The valve assembly has a housing having hot and cold water input passageways. Each of the passageways is capable of being interconnected with a pressurized source of hot water or cold water. Each of the input passages communicates with a valving cavity in the housing through openings in a wall thereof. A water discharge passageway is formed in the housing and leads from the valving cavity to a water discharge port. A proportioning valve member is located within the valving cavity and is selectively movable therein to regulate the relative flow rate of hot and cold water from the input passageways to the discharge passageway. A seal is provided between the valve member and the valving cavity whereby the valving cavity is divided into two auxiliary chambers by the valve member. A narrow water passageway through the valve member is provided between an upstream portion of the discharge passageway and each auxiliary chamber. Two narrow auxiliary water passageways are provided in the housing leading from each of the auxiliary chambers to one of two orifices in a downstream portion of the discharge passageway.

The valve assembly further has a temperature responsive servomechanism sensing the temperature of the water in the discharge passageway and automatically moving the proportioning valve member to a new position within the valving cavity to adjust the relative flow rates of hot and cold water and, thus, to produce a preselected discharge water temperature. The servomechanism is characterized by temperature sensing element disposed within the discharge passageway between the orifices of the auxiliary passageways into the discharge passageways. In response to a deviation in the temperature of the water in the discharge passageway from the preselected temperature, the temperature sensing element moves to cover one of the orifices, and thereby causes a temporary increase in pressure in the auxiliary chamber corresponding to the covered orifice. The increase in pressure in one of the auxiliary chambers causes the proportioning valve member to move towards the other auxiliary chamber and thus changes the relative flow rates of hot and cold water into the discharge passageway. When the temperature of water in the mixing chamber reaches the preselected temperature, the temperature sensing element is restored to a neutral position and the proportioning valve stops moving.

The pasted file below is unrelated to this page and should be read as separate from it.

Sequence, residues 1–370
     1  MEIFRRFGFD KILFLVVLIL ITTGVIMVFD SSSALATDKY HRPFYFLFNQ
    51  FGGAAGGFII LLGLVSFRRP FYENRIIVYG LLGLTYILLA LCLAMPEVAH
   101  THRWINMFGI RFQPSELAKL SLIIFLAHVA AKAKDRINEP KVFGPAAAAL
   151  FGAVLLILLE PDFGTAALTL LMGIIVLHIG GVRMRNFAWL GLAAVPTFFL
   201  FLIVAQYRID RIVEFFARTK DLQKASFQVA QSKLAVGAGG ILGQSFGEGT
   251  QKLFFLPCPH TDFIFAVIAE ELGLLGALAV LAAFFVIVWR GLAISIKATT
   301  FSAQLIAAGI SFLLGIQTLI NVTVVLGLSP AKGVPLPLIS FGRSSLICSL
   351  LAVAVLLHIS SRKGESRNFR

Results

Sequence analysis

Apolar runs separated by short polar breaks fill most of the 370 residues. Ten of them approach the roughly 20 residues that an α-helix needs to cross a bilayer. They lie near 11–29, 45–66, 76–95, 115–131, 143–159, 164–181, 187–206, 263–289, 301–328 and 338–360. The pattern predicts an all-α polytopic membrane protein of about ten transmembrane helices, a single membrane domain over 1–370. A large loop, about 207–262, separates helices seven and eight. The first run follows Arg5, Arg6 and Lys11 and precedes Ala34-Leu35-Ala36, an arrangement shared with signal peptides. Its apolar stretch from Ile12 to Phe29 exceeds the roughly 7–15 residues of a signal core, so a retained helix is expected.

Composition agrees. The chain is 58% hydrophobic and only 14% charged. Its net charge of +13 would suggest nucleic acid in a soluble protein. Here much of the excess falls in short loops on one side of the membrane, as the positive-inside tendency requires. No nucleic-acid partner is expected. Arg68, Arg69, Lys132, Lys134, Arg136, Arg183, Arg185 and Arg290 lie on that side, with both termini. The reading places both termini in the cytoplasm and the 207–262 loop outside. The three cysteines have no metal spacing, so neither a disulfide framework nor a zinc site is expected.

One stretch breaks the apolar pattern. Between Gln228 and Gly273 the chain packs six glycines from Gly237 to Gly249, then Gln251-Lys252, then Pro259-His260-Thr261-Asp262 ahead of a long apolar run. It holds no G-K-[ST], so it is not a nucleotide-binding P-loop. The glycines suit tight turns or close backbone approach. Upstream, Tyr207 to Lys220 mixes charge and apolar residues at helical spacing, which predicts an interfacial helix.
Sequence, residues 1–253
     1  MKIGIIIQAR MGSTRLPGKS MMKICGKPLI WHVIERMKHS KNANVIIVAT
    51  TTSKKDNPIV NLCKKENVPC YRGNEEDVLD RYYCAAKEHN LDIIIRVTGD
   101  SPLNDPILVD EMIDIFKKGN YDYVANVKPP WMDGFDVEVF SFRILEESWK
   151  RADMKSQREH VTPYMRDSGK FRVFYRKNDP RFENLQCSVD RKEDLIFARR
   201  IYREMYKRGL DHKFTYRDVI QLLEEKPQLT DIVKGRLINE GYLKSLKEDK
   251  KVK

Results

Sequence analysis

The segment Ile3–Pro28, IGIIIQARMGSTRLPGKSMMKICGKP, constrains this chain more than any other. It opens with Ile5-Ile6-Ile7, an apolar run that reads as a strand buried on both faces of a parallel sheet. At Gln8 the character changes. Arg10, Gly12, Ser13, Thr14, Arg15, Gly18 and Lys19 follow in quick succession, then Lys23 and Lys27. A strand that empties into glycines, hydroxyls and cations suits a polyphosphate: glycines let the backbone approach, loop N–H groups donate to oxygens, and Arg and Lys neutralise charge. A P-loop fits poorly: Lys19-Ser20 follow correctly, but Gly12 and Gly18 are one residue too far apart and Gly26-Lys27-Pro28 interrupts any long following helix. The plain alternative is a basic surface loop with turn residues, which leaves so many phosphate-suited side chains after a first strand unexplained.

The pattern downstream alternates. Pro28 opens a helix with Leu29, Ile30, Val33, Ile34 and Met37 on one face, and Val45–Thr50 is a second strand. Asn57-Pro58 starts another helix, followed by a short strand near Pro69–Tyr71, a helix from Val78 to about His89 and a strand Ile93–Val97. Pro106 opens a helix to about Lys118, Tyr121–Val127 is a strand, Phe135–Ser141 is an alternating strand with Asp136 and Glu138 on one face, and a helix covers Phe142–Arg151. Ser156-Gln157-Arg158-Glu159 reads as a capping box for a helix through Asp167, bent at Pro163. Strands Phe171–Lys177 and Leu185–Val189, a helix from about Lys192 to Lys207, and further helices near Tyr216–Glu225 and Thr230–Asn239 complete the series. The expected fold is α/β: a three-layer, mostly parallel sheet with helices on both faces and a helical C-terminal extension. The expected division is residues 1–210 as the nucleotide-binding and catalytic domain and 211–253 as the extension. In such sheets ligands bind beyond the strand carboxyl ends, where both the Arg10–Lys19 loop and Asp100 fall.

In the preferred embodiment, the present invention provides a faucet having a housing capable of being mounted to the rim of a basin or to a wall and having a combined volumetric flow rate control handle mounted to the housing. The handle of the faucet of the preferred embodiment further has a feedback servomechanism thermostatic valve mounted therein. In addition, an adjustment mechanism for presetting the thermostatic valve to a desired temperature, a selectively disengagable stop mechanism limited the maximum preset temperature and a temperature indicator are all provided and are mounted to the handle.

BRIEF DESCRIPTION OF THE DRAWING

FIG. 1 is a perspective view of a faucet having a thermostatic servomechanism valve according to the present invention, the faucet being shown mounted on the rim of a sink;

FIG. 2 is a rear elevational view of the faucet of FIG. 1;

FIG. 3 is a side elevational view of the faucet taken along line 3--3 of FIG. 2 with some parts cut away;

FIG. 4 is a partially elevational view of the faucet, partly in section and taken along line 4--4 of FIG. 3;

FIG. 5 is a partial sectional view of the faucet taken along line 5--5 of FIG. 4;

FIG. 6 is a top view of the handle assembly of the faucet of FIG. 1;

FIGS. 7 and 8 are sectional views of the handle assembly and a portion of the socket body of the faucet taken along lines 7--7 and 8--8, respectively, of FIG. 6, and illustrate the handle assembly in an orientation wherein the valve assembly is in its fully closed position;

FIG. 9 is a partial sectional view similar to FIG. 7, but illustrating the handle assembly in an orientation wherein the valve assembly is in its fully opened position;